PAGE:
Affiliation: College of Arts and Sciences, Department of City and Regional Planning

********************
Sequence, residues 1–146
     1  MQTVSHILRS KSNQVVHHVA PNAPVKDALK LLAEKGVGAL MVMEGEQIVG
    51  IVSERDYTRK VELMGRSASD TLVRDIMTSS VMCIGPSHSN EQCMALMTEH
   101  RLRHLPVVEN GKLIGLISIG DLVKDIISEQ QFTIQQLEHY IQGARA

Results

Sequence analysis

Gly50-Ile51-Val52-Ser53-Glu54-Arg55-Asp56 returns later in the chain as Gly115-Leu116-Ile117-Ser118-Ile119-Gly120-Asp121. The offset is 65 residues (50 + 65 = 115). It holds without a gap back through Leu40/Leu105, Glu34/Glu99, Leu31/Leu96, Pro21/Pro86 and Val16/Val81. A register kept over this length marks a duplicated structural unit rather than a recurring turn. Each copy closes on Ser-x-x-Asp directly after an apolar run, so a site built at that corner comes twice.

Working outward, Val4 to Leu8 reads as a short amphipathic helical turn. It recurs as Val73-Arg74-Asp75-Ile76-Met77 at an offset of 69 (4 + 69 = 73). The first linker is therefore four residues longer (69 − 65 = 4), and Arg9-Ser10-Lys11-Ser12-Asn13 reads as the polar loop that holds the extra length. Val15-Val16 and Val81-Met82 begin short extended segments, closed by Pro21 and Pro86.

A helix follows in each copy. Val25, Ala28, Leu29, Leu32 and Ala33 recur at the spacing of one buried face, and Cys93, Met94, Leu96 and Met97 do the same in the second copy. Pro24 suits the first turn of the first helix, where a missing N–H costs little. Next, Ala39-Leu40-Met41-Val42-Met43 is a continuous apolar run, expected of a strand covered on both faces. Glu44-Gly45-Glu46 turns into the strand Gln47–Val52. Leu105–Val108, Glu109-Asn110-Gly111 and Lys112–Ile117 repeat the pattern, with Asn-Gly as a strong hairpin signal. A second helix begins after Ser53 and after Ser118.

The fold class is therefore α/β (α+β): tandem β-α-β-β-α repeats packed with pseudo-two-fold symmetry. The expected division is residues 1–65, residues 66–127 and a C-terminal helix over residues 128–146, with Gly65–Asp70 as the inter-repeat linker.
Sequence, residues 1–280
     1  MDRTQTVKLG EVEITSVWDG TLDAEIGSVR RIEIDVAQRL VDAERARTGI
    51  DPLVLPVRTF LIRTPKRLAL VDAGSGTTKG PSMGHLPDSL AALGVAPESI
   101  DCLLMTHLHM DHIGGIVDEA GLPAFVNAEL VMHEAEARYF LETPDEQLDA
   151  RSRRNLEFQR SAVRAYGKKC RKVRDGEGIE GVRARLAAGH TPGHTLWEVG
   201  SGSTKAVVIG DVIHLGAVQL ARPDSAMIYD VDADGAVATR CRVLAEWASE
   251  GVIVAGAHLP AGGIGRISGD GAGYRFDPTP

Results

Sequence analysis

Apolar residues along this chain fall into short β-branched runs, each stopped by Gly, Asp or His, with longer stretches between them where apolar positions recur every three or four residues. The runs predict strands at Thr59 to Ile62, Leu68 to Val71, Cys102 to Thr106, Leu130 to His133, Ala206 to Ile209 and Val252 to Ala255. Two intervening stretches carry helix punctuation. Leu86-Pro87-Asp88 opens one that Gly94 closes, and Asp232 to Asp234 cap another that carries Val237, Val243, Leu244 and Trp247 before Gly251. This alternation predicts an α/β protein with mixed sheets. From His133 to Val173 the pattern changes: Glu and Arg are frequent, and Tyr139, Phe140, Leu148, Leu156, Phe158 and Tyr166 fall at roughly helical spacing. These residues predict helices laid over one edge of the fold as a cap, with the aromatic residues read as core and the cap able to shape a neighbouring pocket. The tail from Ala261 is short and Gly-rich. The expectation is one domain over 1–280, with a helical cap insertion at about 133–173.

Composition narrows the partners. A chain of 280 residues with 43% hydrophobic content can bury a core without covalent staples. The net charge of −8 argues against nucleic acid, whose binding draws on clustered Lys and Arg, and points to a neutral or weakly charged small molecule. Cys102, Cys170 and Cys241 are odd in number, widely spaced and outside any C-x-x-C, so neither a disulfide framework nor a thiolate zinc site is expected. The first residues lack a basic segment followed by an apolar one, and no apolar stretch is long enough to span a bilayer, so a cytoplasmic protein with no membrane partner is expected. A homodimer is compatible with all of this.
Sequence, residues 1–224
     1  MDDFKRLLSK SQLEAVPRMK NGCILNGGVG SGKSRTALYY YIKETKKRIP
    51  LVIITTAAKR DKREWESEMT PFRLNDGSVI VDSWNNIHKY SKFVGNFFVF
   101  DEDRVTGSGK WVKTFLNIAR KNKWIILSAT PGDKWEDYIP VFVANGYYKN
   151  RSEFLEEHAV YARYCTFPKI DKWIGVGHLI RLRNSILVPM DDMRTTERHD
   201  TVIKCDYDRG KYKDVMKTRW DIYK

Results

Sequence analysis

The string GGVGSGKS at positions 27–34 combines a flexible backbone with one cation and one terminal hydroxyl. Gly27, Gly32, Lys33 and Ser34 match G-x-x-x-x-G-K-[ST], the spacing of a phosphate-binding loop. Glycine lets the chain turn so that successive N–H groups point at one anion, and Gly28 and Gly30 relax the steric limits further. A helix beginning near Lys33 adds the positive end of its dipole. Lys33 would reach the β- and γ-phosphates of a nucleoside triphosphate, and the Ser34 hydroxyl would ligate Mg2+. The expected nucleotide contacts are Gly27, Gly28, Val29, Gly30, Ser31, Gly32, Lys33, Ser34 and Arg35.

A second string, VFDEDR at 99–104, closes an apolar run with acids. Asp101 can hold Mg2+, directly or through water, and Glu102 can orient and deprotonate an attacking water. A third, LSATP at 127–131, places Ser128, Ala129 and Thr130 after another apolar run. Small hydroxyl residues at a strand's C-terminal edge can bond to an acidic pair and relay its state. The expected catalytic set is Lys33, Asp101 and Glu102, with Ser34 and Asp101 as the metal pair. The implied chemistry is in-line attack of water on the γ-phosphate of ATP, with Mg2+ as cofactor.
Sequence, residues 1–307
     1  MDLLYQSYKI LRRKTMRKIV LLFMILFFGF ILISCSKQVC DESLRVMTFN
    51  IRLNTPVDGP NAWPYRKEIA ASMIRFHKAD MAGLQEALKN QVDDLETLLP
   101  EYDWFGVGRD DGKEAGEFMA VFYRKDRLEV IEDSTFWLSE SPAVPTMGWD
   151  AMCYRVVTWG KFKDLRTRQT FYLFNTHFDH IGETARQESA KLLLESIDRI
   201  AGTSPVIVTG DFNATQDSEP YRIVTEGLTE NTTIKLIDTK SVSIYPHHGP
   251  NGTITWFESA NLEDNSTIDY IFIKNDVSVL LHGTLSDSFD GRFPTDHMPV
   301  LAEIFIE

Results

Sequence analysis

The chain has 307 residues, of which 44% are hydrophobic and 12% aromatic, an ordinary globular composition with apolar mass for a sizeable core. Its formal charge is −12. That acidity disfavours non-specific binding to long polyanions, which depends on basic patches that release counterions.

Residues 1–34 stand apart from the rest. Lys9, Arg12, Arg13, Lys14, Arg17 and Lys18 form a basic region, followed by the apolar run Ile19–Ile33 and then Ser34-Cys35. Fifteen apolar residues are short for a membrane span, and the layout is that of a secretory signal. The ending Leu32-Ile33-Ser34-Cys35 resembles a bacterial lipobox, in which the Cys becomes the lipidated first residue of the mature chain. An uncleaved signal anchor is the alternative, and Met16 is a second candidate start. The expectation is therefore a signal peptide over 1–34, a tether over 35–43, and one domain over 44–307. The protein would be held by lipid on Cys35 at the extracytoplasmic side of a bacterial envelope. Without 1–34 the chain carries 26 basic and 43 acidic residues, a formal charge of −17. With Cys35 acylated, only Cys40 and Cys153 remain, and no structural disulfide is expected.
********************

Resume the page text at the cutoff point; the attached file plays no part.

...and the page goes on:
Polycentric planning strategies have often failed to achieve the expected effects. The ensuing uncertainty associated with the desirability of polycentric strategies is also reflected in the early literature which offers no clear conclusion about whether the polycentricity affects economic performance and how. This paper aims at offering a clear conclusion about it, especially its dependence on city size. Against this backdrop, we conceptualize polycentricity as a process of reclustering after decentralization to reevaluate its impact on performance. To this end, we use the city proper level Chinese Economic Census (2004, 2008, and 2013) and apply a fixed-effects panel model, the results of which show that the dependence of the urban economy on spatial structure is contingent on city size. More specifically, both decentralization and clustering (and therefore the polycentric structure) facilitate economic performance only when cities reach a certain size. We use our findings as the basis for outlining an emergent research agenda for urban polycentricity.